Netflix not welcome in France?
It appears that concern was a bit overblown, as the video streaming company already has added more than 100,000 French subscribers since launching just two weeks ago, according to a report from Le Figaro.
The paper says that the Canal+ subscription video-on-demand service, three-year old CanalPlay, meanwhile, has just more than 520,000 subscribers
So, what’s driving growth?
Netflix, as it does in all of its markets, even the United States, offers a free, 30-day trial membership for new subscribers.
In France, subscribers will be billed 7.99 euros and 11.99 euros monthly after the trial ends, depending upon which service plan they choose.
And, of course, pundits are betting that growth will slow – or stop altogether – once pay plans kick in.
But that hasn’t been the case in Netflix’s other territories, where growth of paid subscribers has remained strong.
The content mix Netflix is offering, content from the United States and from some of the earlier European markets it’s launched in continues to prove appealing.
Plus, the company has promised to provide content that’s local, as well, and already has begun contracting local original content.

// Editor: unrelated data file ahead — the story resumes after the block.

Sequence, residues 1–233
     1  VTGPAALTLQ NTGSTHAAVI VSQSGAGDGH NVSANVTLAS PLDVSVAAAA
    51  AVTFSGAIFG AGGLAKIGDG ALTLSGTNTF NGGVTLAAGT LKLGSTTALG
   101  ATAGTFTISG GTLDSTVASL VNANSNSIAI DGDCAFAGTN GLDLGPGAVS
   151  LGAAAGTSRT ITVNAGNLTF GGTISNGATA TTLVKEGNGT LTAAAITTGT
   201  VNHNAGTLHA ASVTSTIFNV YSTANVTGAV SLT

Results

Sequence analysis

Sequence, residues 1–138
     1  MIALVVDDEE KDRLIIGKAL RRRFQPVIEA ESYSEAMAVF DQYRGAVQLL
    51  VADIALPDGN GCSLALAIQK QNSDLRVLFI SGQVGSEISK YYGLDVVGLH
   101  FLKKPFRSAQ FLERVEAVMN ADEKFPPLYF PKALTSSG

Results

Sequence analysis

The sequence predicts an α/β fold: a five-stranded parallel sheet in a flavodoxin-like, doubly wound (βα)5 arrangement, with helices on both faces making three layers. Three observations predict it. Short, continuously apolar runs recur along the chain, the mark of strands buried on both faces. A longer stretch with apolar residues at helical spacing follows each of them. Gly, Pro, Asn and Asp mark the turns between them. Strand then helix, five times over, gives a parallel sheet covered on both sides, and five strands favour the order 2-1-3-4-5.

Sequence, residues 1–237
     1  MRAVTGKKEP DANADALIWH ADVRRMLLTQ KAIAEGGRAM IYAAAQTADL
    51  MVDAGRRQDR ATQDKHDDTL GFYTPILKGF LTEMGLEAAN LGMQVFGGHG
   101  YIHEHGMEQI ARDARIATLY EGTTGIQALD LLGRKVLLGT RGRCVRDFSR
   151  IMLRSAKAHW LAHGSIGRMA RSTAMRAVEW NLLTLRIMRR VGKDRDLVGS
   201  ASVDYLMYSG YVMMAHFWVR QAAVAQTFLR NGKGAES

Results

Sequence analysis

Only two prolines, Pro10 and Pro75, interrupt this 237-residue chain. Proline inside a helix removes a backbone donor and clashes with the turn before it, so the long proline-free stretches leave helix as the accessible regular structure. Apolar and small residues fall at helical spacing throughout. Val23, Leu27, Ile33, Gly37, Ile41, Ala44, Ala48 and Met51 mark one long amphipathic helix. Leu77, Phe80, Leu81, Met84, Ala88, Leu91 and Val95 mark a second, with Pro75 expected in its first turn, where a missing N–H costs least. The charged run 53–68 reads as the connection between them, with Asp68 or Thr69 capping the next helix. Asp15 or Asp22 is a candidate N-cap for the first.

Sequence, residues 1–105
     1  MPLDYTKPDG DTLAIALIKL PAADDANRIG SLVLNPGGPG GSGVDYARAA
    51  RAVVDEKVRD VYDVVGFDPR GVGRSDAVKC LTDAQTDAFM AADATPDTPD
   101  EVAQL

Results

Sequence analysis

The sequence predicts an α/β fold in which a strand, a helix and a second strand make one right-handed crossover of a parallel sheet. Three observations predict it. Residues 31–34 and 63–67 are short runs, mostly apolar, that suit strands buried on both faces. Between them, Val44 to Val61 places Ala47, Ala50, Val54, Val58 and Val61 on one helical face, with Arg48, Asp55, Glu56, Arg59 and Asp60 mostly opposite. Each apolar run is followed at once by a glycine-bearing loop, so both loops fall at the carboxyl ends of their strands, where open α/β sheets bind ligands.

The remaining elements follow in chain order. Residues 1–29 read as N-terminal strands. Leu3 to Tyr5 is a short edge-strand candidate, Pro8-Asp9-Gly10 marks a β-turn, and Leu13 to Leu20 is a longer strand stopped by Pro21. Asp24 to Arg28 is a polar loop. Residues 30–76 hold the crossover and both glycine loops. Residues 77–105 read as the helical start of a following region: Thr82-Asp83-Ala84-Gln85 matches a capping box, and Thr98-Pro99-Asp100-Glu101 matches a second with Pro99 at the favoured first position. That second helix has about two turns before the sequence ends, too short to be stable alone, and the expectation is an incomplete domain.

All of that combined makes Netflix appealing.
A goal of more than 9 million French subscribers
Netflix CEO Reed Hastings, at the CTAM Eurosummit in Copenhagen last month, said the service believed it could penetrate one third of TV households in its international markets within seven years of launch.
In France, with roughly 27.7 million TV households currently, that would mean it expects to have a subscriber base exceeding 9 million by 2020.
Although the company has yet to lure an operator partner beyond Bouygues, it’s making strong gains with connected TV users and, of course, owners of smartphones and tablets, the growing mobile market.
What’s that mean in the long run?
Hastings also has said it’s not critical that Netflix be the top SVOD player in any international market, just that they be one of the top players.
In France, the track appears to be holding true.